(pp. 630–637), Rohs and colleagues report dose-dependent pleu-                years showed pleural abnormalities. This compares with a
ral changes identified in a cross-sectional follow-up study of a               current legal permissible exposure limit (PEL) in the United
cohort of workers exposed to asbestos-contaminated vermiculite                States that limits asbestos exposures to 0.45 fibers/cc-years over
originating in Libby, Montana (5). The study has particular rele-             a 45-year working lifetime (8), indicating that a significant
vance to current national and international efforts to control risk           number of workers exposed at the current exposure limit would
from exposure to durable fibers.                                               experience pleural abnormalities. Although arguments persist
   Vermiculite is a mineral that expands when rapidly heated.                 about the extent to which pleural abnormalities are inherently
Expanded vermiculite is used in both industrial and consumer                  harmful, it is clear that the presence of pleural changes demon-
products, such as loose-fill attic insulation, gardening and agri-             strates a physiologic response to durable fibers and is associated
cultural products, and automobile brakes. Between 1925 and                    with increased risk of pulmonary fibrosis, lung cancer, and
1990, the majority of the world’s vermiculite was mined in Libby,             mesothelioma (1).
Montana. Amphibole minerals, including tremolite asbestos,                        A notable aspect of this study is the contemporary classi-
contaminated the Libby vermiculite products (6).                              fication of the fibers contaminating the Libby vermiculite. In
   In 1980, following reports of bloody pleural effusions at one              1980, these fibers were classified as ‘‘tremolite asbestos’’ and, as
industrial site, Lockey and colleagues examined 513 workers                   such, fit within the definition of regulated asbestos fibers (8).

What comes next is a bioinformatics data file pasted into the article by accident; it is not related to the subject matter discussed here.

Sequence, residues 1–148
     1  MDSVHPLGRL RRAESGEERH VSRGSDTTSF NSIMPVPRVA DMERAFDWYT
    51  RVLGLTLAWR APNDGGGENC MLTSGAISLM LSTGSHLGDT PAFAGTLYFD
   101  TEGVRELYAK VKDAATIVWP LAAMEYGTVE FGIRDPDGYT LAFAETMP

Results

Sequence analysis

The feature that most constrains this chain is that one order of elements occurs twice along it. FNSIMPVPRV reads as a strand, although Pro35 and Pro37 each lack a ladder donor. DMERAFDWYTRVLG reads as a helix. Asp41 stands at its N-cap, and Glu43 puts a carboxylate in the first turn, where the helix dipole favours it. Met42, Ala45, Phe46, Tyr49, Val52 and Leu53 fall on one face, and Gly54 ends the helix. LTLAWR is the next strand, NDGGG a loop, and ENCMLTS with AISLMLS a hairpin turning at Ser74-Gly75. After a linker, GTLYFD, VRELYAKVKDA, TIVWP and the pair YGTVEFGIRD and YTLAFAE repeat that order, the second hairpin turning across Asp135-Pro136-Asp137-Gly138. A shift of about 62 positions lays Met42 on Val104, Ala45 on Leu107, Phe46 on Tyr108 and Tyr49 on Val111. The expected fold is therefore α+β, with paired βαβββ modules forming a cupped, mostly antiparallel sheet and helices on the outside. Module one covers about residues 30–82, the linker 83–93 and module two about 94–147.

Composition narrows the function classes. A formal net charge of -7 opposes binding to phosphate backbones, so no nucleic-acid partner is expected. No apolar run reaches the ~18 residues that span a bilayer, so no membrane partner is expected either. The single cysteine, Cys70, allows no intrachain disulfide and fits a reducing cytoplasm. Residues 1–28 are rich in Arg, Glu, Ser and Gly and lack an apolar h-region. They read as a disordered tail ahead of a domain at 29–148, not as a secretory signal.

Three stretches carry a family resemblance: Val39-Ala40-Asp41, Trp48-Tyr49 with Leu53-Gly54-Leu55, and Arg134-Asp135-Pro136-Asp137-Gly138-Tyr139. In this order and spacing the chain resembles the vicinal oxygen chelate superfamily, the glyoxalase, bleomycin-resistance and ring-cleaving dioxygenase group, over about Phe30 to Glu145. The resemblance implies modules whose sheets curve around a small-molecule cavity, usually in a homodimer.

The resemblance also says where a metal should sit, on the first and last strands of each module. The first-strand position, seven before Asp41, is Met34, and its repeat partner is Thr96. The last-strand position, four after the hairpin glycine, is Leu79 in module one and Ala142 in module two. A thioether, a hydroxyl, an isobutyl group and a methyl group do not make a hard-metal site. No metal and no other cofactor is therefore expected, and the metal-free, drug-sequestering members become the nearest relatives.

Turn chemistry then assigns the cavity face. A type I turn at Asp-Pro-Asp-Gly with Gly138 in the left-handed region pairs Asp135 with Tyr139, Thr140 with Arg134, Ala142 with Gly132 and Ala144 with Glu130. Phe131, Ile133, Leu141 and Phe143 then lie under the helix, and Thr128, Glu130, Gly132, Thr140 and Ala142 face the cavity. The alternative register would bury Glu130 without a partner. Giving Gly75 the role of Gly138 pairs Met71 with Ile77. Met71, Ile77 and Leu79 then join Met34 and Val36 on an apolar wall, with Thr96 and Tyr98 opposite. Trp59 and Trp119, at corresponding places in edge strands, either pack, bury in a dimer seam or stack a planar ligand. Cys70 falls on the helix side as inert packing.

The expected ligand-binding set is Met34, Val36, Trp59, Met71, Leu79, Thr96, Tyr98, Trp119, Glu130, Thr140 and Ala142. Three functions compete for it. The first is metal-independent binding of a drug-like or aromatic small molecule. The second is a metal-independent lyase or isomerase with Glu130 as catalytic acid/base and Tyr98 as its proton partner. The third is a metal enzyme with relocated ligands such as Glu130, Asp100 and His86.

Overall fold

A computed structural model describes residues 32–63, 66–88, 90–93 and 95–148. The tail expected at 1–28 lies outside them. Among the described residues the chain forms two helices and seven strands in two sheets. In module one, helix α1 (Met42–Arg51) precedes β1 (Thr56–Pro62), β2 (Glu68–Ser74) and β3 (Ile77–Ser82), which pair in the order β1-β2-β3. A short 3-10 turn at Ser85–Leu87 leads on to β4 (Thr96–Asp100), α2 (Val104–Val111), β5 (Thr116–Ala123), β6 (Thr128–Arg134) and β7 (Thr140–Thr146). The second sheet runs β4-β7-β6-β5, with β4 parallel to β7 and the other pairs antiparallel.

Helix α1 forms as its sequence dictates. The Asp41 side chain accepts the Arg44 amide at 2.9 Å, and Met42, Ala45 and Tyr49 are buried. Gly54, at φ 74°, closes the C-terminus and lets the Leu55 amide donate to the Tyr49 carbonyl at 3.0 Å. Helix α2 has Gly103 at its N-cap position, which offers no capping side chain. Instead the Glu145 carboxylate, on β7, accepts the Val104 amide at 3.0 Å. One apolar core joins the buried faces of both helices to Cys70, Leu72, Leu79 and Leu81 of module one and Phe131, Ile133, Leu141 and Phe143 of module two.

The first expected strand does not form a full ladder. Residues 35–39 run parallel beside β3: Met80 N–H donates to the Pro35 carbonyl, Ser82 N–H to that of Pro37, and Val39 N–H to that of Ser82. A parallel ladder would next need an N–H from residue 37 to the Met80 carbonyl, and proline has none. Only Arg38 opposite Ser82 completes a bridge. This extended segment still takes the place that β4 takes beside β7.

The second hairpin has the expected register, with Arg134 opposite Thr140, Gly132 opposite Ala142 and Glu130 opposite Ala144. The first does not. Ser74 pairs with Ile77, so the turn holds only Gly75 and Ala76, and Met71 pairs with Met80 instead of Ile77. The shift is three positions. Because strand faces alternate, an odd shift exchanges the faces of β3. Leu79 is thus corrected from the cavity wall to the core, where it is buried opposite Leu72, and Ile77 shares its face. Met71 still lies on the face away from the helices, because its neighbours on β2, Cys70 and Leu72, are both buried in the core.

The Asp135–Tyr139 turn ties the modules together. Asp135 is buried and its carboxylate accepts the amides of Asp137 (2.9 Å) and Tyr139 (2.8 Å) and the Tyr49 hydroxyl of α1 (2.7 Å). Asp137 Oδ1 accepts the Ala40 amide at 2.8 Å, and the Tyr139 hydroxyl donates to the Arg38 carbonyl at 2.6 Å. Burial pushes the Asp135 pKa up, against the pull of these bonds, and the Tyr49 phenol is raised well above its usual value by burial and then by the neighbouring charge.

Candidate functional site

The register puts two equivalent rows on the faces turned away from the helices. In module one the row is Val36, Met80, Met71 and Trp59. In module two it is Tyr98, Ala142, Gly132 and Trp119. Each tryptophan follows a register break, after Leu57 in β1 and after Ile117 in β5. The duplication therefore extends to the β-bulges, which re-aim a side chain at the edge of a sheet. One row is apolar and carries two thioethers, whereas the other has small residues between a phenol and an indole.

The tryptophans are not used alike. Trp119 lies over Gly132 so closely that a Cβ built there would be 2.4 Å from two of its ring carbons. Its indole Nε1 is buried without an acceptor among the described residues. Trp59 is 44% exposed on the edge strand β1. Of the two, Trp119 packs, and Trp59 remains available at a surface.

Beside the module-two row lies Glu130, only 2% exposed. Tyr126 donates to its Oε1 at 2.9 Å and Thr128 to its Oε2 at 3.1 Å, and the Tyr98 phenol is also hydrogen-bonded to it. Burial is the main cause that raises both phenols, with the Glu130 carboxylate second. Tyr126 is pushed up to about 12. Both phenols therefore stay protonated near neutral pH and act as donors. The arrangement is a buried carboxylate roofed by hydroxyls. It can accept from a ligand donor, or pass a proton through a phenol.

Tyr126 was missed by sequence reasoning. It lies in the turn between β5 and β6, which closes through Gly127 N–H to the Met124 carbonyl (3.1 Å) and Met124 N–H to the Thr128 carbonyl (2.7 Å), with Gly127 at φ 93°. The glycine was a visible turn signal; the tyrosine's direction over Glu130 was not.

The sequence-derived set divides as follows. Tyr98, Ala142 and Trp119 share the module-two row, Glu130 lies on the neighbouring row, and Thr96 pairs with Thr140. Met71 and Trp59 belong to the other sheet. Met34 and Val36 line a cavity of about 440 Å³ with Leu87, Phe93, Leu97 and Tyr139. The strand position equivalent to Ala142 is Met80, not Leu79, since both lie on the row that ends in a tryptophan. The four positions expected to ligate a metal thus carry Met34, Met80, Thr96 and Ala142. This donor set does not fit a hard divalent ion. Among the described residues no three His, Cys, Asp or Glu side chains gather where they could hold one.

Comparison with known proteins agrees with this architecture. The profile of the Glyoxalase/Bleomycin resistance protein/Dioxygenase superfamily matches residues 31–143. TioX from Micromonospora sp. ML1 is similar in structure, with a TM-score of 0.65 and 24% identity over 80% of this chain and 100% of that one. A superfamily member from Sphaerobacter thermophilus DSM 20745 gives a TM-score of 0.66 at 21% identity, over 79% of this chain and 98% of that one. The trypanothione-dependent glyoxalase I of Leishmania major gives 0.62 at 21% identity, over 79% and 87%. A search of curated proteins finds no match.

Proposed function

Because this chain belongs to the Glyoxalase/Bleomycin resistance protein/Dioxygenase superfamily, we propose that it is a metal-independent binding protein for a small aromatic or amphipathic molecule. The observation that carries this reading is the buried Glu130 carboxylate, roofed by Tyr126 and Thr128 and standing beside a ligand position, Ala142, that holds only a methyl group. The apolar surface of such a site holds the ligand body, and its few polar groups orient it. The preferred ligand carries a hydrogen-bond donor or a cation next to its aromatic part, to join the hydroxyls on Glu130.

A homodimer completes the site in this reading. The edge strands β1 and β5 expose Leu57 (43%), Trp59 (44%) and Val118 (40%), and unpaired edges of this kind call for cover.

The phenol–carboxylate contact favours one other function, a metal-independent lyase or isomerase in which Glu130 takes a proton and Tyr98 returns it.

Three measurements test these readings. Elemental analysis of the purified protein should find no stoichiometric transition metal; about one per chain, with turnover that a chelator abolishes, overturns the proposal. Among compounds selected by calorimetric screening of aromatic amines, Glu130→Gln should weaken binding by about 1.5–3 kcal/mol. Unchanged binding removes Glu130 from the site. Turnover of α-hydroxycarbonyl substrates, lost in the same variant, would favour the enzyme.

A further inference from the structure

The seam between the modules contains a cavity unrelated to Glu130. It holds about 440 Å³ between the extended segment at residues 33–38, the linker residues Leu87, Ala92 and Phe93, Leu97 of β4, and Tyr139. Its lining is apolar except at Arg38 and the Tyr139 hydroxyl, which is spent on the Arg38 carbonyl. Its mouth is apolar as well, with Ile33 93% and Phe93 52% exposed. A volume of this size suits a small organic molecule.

exposed to Libby vermiculite; 2.2% showed radiographic evi-                   (U.S. regulations define asbestos as one of six specific mineral
dence of either interstitial fibrosis or pleural changes consistent            fibers that are or have been of commercial value.) The current
with asbestos effects (7). This was an important finding at the                study notes that the primary durable fibers contaminating the
time, especially since exposure to vermiculite had been thought               vermiculite are winchite and richterite with perhaps 10% trem-
by many to be essentially benign and knowledge of the contam-                 olite asbestos; however, winchite and richterite are not explicitly
ination of Libby vermiculite was limited. The Rohs and col-                   regulated as asbestos. This investigation does not prove that the
leagues’ study examines the same cohort of workers 25 years                   health effects of these fibers are identical to tremolite; however,
later. The proportion of affected workers has risen to 28.7% for              their chemical and physical properties are virtually identical to
pleural changes and 2.9% for fibrosis, despite no known interim                tremolite, indicating the importance of evaluating potentially
exposure to asbestos. These findings are consistent with the well-             harmful fibers not only on whether they meet a mineralogical
known capability of asbestos to cause both malignant and non-                 definition of asbestos but also on their biologically relevant
malignant changes years after an original exposure—effects that               features of durability, biopersistence, shape, size, and surface
increase as residence time of the inhaled, biopersistent fibers                characteristics. The Ban Asbestos Act explicitly expands the
lengthens (1).                                                                definition of asbestos to include winchite and richterite (4). The
   The current study makes important new contributions to                     U.S. National Institute for Occupational Safety and Health has
our understanding of the consequences of exposure to durable                  circulated a draft ‘‘Roadmap for Scientific Research’’ proposing